Interesting that in answer to Job's complaints - God points out the nature of creatures, they are what they are, and we cannot change them, just like dog or stars or wind or rain or even box blight. We live we die, we are all flawed judges of each other. God is not a man that he should lie.

Knowing God is God is knowledge, but we obscure his counsel by our own wisdom, programs, ideas and expertise.

Monty, you got a drubbing on Twitter for your suggestions on planting fragrant shrubs, and how to pot up herby cuttings. I think it is undeserved - there are many who do not know how to do such things, there will always be those who learn, and I understand the argument that if you are going to teach you need to have knowledge, but there are different kinds of knowledge. Perhaps you are better at creativity in gardening rather than horticulture in its 'purest' sense ?
I noted the shed behind you loosing its roofing felt - it had a kind of familiar scruffiness (familiar because my sheds are scruffy) I also like the way you do not let blight defeat you.

There is a debate going on in my head constantly, this debate is based on what was and what is - everyone now has access to knowledge - but sometimes our own knowledge, our own wisdom, our own counsel obscures a deeper wisdom that is rooted in a place which is almost intangible amongst our own noise.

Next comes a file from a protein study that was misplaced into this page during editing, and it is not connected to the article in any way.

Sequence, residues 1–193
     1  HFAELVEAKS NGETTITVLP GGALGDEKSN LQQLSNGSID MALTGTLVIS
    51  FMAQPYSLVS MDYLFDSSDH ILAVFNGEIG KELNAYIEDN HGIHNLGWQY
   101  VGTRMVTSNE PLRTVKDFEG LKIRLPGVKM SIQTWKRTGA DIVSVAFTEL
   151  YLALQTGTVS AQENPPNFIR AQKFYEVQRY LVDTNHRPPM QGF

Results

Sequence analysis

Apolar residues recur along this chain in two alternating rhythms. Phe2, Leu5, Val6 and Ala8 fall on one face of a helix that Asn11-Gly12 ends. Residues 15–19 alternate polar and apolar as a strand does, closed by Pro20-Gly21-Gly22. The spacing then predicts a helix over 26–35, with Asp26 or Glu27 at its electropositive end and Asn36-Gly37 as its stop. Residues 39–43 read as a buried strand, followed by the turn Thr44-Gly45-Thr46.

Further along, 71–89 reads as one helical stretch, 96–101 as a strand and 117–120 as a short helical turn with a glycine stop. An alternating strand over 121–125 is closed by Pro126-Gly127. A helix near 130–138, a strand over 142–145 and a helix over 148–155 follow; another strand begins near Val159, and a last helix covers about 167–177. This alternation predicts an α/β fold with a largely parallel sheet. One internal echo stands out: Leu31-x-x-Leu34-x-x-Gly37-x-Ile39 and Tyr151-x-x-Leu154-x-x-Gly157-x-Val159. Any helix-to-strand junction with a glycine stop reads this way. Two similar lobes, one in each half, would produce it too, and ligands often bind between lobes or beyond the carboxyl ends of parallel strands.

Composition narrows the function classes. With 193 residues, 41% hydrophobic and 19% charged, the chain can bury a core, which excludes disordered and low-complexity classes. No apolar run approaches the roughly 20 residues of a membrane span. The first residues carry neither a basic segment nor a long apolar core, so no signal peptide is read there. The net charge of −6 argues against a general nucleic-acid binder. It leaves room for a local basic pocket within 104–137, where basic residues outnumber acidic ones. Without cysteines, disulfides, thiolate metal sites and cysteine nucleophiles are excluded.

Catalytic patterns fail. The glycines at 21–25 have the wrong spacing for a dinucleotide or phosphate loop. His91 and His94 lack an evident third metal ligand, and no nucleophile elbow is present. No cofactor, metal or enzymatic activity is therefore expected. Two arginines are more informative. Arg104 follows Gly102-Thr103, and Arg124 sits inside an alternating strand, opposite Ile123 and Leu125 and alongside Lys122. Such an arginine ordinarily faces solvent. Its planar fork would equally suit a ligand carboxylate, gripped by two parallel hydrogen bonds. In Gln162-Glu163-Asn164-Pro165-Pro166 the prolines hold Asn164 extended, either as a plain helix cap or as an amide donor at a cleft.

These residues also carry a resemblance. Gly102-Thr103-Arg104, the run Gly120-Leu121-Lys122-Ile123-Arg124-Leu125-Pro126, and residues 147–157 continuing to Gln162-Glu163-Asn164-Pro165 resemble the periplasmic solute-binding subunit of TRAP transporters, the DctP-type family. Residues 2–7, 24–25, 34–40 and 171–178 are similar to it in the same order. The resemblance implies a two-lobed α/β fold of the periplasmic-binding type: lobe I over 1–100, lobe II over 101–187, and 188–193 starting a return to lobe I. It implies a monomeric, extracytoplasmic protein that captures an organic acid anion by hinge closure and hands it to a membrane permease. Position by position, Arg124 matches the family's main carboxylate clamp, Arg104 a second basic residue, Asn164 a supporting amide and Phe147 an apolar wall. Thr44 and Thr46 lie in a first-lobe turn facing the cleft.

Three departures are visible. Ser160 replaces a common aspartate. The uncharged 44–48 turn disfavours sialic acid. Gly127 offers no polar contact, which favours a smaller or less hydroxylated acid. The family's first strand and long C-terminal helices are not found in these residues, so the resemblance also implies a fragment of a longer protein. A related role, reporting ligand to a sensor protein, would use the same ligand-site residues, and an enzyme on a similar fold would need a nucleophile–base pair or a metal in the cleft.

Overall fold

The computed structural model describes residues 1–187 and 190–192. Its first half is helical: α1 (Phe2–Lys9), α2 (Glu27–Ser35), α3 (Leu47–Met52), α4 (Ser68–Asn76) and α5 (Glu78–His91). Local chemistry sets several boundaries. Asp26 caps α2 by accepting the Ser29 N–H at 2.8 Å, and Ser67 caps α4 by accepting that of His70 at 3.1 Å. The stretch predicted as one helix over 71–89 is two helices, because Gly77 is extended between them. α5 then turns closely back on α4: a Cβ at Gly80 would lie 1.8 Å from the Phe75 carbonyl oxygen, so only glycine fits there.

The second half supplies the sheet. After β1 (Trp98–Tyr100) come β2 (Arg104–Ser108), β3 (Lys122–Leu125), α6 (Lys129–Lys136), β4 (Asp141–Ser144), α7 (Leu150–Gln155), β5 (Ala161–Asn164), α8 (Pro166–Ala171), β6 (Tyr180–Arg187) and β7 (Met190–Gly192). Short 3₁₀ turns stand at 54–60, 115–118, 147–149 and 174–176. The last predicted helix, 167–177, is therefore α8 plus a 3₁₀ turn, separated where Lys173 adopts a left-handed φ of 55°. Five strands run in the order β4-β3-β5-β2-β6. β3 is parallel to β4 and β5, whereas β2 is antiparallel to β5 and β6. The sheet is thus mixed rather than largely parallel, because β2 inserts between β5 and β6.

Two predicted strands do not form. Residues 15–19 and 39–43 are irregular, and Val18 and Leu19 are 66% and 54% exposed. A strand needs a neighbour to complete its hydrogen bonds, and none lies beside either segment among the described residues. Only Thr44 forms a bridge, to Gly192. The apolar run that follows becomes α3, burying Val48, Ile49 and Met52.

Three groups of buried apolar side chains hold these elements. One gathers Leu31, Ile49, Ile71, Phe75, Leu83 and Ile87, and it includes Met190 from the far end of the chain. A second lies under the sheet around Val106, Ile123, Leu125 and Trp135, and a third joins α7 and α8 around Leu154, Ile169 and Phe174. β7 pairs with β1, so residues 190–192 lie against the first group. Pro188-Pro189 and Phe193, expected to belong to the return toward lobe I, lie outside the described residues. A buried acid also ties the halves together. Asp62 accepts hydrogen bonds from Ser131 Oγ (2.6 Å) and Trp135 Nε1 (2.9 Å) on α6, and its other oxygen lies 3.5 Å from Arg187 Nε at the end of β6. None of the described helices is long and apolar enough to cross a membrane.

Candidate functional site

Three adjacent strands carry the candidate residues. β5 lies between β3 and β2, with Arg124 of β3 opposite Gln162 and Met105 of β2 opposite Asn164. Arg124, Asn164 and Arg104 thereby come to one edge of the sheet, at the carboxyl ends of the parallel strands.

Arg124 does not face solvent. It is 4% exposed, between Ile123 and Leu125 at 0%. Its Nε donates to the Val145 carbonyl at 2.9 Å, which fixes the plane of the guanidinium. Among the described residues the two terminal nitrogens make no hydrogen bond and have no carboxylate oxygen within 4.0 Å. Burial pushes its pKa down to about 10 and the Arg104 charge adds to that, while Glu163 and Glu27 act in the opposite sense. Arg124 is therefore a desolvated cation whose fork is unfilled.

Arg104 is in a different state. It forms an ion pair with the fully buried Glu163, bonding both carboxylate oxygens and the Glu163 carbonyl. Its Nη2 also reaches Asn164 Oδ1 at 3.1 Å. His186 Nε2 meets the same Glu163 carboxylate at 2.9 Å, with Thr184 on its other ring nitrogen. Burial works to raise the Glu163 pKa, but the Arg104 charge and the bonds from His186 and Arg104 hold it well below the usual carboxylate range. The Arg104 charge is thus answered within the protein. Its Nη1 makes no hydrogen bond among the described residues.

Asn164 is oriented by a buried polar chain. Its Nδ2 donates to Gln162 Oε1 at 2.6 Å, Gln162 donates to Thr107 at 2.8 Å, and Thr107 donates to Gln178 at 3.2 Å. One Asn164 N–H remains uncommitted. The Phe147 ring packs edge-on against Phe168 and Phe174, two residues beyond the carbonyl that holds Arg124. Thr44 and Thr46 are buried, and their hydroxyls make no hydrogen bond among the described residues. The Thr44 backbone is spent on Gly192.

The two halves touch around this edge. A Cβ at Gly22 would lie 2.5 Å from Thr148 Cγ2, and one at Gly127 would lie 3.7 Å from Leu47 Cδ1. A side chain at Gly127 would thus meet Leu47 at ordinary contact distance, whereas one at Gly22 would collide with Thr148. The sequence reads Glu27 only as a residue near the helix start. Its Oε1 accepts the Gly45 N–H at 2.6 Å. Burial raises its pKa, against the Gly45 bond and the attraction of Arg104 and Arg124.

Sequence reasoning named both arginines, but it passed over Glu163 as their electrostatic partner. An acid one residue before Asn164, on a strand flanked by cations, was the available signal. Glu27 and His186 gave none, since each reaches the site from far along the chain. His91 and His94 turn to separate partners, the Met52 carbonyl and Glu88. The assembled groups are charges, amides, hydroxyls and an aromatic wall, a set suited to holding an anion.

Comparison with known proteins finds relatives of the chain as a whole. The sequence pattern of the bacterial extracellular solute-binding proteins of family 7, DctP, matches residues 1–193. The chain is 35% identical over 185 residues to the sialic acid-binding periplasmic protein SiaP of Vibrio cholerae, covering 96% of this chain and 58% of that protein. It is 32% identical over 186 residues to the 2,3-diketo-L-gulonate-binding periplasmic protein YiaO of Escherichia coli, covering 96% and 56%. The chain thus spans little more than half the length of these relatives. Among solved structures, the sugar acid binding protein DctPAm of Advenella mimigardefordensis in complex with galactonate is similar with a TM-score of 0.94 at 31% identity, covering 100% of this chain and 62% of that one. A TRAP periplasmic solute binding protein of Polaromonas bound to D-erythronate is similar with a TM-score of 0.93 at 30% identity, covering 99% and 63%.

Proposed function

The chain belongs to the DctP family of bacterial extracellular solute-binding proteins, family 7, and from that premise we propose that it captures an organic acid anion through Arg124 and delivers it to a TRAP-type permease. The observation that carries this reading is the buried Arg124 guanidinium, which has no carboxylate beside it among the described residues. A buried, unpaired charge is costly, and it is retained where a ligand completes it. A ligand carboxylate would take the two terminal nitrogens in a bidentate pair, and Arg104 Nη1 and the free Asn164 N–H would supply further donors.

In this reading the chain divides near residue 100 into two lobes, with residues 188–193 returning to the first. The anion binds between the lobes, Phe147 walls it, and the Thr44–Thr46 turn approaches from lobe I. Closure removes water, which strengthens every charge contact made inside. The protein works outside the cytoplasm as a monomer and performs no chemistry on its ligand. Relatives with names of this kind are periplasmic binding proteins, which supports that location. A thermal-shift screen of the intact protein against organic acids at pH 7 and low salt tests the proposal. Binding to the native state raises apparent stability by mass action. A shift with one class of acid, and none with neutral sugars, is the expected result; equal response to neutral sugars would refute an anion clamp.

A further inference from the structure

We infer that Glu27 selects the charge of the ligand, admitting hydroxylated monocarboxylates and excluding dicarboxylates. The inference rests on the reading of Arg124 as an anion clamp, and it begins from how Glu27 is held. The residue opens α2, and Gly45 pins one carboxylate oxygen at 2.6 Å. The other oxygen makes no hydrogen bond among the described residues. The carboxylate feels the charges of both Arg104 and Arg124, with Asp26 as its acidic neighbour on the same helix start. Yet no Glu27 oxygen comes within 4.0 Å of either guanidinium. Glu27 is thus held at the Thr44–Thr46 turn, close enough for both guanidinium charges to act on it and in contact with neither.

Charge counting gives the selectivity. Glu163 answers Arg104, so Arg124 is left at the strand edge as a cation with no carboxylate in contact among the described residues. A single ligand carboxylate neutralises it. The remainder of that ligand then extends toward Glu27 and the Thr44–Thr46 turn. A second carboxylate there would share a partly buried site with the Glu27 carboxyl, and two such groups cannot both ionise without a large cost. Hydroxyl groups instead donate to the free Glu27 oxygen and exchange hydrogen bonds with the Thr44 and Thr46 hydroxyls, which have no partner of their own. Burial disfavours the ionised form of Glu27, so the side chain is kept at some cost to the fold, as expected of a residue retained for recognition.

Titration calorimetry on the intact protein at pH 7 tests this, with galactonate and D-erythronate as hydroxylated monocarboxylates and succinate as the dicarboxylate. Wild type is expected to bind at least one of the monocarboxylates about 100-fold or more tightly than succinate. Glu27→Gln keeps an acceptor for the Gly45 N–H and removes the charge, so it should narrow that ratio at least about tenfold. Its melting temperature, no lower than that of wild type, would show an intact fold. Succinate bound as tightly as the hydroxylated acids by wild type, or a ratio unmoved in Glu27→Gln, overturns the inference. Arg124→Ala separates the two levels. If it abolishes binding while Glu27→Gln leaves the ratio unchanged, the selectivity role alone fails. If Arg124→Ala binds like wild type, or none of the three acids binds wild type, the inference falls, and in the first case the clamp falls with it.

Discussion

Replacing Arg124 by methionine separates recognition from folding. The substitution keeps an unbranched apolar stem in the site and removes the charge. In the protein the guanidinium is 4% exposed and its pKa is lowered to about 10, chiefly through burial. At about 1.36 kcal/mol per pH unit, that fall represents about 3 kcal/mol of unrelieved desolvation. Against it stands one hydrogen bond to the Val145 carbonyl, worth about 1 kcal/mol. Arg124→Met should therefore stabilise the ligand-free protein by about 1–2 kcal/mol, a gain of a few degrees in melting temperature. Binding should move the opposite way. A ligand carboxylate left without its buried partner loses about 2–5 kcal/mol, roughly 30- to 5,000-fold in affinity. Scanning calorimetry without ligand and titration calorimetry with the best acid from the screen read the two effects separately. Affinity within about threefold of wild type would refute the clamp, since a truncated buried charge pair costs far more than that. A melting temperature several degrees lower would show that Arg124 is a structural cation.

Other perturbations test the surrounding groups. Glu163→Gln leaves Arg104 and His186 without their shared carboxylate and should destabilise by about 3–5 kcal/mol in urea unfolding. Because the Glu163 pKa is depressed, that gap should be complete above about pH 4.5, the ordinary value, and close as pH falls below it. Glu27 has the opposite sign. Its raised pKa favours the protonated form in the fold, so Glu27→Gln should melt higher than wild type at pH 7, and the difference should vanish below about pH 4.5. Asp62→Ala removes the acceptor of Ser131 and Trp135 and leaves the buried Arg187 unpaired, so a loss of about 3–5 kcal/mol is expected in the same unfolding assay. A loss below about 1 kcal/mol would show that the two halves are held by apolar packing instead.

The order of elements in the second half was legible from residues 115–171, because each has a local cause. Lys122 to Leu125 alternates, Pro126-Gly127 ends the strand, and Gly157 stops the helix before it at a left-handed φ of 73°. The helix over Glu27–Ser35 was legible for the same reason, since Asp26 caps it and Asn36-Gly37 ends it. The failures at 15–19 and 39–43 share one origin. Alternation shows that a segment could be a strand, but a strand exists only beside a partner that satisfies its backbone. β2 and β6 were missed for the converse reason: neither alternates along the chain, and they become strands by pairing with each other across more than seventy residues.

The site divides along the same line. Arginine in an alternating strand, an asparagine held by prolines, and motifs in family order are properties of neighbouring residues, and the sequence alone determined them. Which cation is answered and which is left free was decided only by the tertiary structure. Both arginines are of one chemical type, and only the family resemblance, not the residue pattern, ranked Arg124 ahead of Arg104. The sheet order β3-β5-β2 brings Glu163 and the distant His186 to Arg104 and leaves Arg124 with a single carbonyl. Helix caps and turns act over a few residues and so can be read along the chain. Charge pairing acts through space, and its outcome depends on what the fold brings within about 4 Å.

Again it is the garden that speaks to me - prosperity/perfection to me is not what my head thinks it is (believe me my head still strives for prosperity) No it is what my heart responds to.

This morning sitting in a very ordinary concrete paved 'patio' (ugh, I prefer the word terrace - sounds grand and plays to my foolishness) - anyway - just looking at a chair, some foliage and flower and the geometry it creates lifts my heart out of gloom, and it cost nothing apart from patience, pruning and hacking (I have little knowledge of a horticulture) and nature - what plants just do - and I have my own little corner of Ninfa - wow!

Now, if you saw it - you would not see it - if you see what I mean.

Great is the mystery of godliness.